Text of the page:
We are experiencing the highest energy (power and gas) prices ever seen, supply chains are being disrupted worldwide, shortages of labour from drivers to waiters has been around for months. Can we consistently predict such dynamics? If not, how can we deal with such extreme but unexpected disruptions?

This summer the implementation of a universal salary in countries like Italy led to a massive shortage of workforce, with some employers complaining that workers refuse seasonal opportunities, some workers actually perceiving the universal income while also working on the black market, and some workers replying that this shows how bad the terms for such jobs are.

Ports worldwide have been under pressure, with significant delays in loading and unloading, and container shipping rates have skyrocketed. Multiple reasons have been brought to explain such imbalances, from reduced productivity caused by covid safety measures at ports to geographical imbalances (more than aggregate undersupply) of containers as a consequence of covid-related demand disruptions. Carriers and terminal operators are being investigated against possible abuses. Supply chain issues are not limited to logistics, though, with chip shortages affecting industrial output globally.

Energy prices have been skyrocketing to historically unseen levels, especially in Europe, with energy suppliers in the UK going bust, European governments stepping in to limit price increases for consumers, China forcing companies to reduce power consumption. All this on the back of geopolitical tensions and sanctions around the NordStream 2 pipeline from Russia to Germany. On top of that and technical supply disruptions, the uncertainties faced by fossil fuel producers with regards to the outlook for their industry may help exacerbate issues on the gas supply side, at least temporarily. Spain took a rather aggressive stance against energy companies, at least verbally, with President Sanchez claiming that certain energy company profits would be confiscated, potentially redefining the rules of the game and increasing uncertainty for investors.

Psychological Aspects

These are just some of the regional and global issues that we have been observing or facing. After extraordinary measures to contain the pandemic, we have been experiencing extraordinary economic imbalances. Such things can stimulate the discussion on whether government intervention leads to more imbalances that are followed by more government intervention, in a downward spiral; or whether they prove that greed, left uncontrolled, can only have disastrous and unfair consequences for those in a weaker position. Focusing on decisions psychology instead: how should entrepreneurs, managers and investors deal with extreme imbalances, national as well as international governmental and regulatory actions and their potential for medium- and long-term imbalances? Due to the almost infinite complexity of the economic system, it is extremely difficult, rather nearly impossible, for most at least, to predict sufficiently in advance and with sufficient certainty the majority of such imbalances. Media coverage raises awareness of these issues generally once they have already happened, which can lead to underestimation of such risks as long as there is no media coverage, and overestimation of their duration once media coverage is very strong, through mechanisms such as the availability bias.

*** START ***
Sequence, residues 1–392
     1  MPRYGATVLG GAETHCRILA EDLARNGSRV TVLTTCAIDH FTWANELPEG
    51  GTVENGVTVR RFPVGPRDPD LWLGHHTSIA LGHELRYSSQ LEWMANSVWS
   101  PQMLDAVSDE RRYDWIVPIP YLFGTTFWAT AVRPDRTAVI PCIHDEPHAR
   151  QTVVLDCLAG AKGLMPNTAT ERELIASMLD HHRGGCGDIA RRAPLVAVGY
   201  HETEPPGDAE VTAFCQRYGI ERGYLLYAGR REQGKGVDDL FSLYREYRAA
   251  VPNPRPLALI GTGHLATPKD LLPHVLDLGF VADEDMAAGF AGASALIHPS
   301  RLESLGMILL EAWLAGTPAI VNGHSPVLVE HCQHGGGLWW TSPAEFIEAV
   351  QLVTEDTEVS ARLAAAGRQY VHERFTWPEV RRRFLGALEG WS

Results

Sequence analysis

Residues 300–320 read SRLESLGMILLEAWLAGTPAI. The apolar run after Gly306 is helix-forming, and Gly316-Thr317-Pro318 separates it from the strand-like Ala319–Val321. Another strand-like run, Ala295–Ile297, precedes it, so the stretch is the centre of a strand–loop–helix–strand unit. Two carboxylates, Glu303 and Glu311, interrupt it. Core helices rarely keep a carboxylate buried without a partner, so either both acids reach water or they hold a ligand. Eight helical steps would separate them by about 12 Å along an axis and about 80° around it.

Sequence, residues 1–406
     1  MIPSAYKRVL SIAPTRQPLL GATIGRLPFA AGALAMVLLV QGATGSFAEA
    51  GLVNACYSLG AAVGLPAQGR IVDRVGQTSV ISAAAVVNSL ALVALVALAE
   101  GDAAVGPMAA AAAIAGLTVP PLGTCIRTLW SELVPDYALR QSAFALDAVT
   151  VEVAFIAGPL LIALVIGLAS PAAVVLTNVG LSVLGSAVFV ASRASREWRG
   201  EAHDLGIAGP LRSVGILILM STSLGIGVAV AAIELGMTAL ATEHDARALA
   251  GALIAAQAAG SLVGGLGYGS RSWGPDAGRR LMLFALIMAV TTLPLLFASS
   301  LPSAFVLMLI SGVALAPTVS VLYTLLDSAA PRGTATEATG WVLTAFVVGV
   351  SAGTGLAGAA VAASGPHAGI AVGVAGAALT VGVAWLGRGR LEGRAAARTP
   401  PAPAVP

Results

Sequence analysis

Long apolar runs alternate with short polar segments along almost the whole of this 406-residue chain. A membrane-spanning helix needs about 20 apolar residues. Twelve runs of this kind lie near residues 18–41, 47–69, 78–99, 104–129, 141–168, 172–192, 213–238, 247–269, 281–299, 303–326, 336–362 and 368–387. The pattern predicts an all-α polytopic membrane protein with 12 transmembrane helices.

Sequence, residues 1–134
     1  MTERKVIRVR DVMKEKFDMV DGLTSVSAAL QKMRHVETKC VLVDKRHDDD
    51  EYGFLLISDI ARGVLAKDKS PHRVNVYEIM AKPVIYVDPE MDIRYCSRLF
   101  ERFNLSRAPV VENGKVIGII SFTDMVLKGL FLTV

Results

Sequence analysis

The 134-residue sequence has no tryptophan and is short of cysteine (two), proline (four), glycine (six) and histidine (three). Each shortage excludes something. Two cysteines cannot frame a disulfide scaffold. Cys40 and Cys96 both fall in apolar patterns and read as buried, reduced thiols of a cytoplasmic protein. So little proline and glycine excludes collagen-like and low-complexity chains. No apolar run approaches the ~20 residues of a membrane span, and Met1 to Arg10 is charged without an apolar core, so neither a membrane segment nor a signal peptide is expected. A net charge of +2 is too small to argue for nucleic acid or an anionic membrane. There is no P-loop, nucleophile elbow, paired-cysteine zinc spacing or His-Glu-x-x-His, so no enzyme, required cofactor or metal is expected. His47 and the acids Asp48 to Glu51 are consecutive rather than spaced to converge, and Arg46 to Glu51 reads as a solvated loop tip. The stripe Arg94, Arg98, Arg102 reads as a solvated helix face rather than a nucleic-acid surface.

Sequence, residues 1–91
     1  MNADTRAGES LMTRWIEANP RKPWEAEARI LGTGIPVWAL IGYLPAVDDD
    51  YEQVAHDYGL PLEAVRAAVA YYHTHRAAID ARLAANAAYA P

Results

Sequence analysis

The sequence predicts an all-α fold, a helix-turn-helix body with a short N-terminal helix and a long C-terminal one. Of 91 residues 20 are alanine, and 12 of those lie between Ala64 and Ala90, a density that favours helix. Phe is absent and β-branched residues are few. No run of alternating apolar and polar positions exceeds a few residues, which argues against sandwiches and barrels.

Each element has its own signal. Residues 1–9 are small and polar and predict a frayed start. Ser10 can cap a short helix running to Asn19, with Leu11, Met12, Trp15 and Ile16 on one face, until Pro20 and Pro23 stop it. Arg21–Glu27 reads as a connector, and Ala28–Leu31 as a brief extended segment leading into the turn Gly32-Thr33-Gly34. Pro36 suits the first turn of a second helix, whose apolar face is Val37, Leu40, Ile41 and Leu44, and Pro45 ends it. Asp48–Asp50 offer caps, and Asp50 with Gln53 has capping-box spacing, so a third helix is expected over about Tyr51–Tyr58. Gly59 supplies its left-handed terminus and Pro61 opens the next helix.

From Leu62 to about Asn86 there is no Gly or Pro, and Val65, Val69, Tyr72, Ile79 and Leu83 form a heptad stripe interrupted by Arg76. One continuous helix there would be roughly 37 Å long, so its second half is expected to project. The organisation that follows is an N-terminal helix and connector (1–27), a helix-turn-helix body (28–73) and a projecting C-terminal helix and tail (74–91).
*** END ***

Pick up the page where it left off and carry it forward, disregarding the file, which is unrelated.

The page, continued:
With regards to management or investment decisions, such dynamics highlight the importance of maintaining an open mind, using psychological tools that enhance the number and range of possible outcomes we can imagine, and controlling biases such as overconfidence, especially with regards to the chain of consequences of one’s decisions.

Dislocations in the distribution of containers, low gas storage levels, economic rebound, universal income programs: these are some of the main factors recognised today as the causes of the current imbalances. None of these were completely unknown to the businesses most vulnerable to supply and demand imbalances today – why could all this still happen? Apart from informational noise, one answer is that it is clearly easier said than done, in part because knowledge alone is not enough to make good decisions and manage risks. Once we recognise an issue, we still need to act and do something about it, which can be complex and time-consuming in certain corporate and political setups due to structural issues and internal processes, in addition to some naturalinertiawe may be subject to as individuals – I am thinking for example of the bystander effect as well as loss aversion. We also need to manage our own psychology, our own risk attitude, understand our biases with regards to risk estimation, confidence and our understanding of the world. The “soft” skill of recognising our and other agents’ limitations is just as important as, and very important for, “hard” skills such as collecting data, building models, optimising processes or portfolios. This is true at personal, corporate, and government level, with obvious differences in the potential consequences that each can have on society. Each of these players has to balance the reaction to damaging events (backward-looking) with the management of invisible risks that have not yet materialised (forward-looking) and has different incentives and constraints in order to do so – not everyone has an incentive to avoid potential risks. While black swan events would not be such if we could predict them systematically, would an increase in creativity within the risk management process be beneficial? What psychological and organisational tools could be used to manage forward-looking uncertainty?